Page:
While #Donald Trump s first four weeks as President have been dominated by domestic issues and accusations of Russian interference in his election victory, North Korea’s missile test last week was a reminder that Asia has the potential to cause major problems for his administration. China, India, Pakistan, Indonesia and North Korea could become the grounds where his foreign policy would be most tested.


Undoubtedly China is already an economic super power and is one of America’s greatest commercial rivals, a fact already acknowledged by the 45th President when talking about “making America great again”.

Yet the Asian giant also has ambitions to become a true military superpower in its own right and not just on the coat tails of Russia, as it was in the past.

The development of new combat aircraft and navy ships, the building of artificial islands in the South China Sea shows military ambitions which are worrying such traditional American allies as Japan and South Korea.

The new Administration will need to keep a sharp eye on its rival because it is fast becoming an even bigger threat than it was before. At the same time, even though it is now more independent from Russia, history has shown that it will not hesitate to act together with the former Soviet Union if the needs require.

These developments will give Donald Trump and his new Secretary of State Rex Tillerson much work to do and not only because China is also a key to controlling the rogue North Korea.

India and Pakistan

The Indian sub continent comprised the former British colony of India. Mahatma Gandhi had warned the British not to separate the Hindus and the Moslems when the colony was divided and time has proven him correct.

The three wars between them since their independence and the regular incidents at their shared border are proof that this rivalry could once again explode.

The fact that both countries are also amongst the world’s biggest buyers of arms indicates that such a war would be truly disastrous.

Furthermore, long term tensions between India and China could also contribute to a clash between the two Asian giants which may also draw in Pakistan which would want to take advantage of any Indian distraction.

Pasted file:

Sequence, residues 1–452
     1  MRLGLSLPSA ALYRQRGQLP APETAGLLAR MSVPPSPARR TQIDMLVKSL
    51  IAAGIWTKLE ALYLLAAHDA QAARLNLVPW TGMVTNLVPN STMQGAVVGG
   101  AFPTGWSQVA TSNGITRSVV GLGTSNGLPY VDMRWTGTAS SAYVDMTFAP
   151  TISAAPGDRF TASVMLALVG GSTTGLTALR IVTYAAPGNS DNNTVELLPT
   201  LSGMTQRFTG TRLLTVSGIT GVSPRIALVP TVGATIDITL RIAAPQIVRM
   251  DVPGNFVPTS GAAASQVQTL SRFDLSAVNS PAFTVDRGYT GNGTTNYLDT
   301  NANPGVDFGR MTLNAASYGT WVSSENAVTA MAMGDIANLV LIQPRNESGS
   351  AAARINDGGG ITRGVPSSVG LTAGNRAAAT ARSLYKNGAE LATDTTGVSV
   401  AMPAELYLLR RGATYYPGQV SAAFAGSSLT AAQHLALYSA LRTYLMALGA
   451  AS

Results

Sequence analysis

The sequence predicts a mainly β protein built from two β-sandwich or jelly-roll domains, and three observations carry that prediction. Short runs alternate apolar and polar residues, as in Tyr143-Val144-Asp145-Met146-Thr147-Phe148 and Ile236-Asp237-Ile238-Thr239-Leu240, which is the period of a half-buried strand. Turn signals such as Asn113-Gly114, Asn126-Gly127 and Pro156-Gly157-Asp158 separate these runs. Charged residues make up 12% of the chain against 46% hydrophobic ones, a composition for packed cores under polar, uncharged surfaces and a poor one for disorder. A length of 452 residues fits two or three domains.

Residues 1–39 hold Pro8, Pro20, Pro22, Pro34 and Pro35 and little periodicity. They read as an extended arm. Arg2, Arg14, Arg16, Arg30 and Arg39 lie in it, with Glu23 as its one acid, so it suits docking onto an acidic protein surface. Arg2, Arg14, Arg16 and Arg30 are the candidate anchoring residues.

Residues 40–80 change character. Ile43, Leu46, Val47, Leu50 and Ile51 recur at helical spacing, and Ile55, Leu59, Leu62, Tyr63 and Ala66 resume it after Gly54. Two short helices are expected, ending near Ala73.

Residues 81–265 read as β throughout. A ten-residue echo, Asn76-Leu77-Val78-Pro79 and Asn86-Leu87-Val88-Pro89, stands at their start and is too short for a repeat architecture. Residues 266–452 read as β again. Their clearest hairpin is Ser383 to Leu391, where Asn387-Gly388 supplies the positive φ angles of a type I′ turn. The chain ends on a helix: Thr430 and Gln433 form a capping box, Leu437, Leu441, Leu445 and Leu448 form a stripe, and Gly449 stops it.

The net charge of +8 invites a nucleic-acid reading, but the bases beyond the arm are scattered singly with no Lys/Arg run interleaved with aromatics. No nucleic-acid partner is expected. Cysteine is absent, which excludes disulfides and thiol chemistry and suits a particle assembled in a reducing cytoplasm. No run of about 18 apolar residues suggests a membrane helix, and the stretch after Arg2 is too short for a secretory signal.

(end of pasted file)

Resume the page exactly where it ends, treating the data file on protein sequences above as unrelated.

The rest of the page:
Indonesia, Malaysia, the Philippines and North Korea

Indonesia is the world’s biggest Moslem country by population and Malaysia also shares the same religion. This makes them targets for ISIS and other fanatics groups and in fact they have suffered attacks in the past. For this very reason they may well provide not only a future battle field for the war on terror, but paradoxically may also be the key to help the United States in finding other solutions for the terrorism that has created the world’s refugee crisis.

The unusual and violent activities of controversial Philippines President Rodrigo Duterte with his war on drug runners which has seen 3,000 people die so far could be a destabilising factor in Asia.

His political ambition and inconstant and at times incoherent behaviour may see him act unpredictably and could even worsen the tensions over Chinese ambitions in the South China Sea.

North Korea, the country now lead by Dictator Kim Jung-un has been a thorn in the side of the United States since the end of the Second World War and will continue to do so for at least the immediate future.


These are only a part of the challenges facing the United States and the world from Asia at the present time. They will not be easy to address and the presence of an American President and Secretary of State without diplomatic experience will make it that much harder.

Donald Trump’s current domestic difficulties may well give one of these players the opportunity to make a move, as we saw with the North Korean missile test last week, but the other powers must not be neglected.

The President of the United States is considered the Leader of the free world and Asia could become the supreme test of Donald Trump’s true capabilities in this role.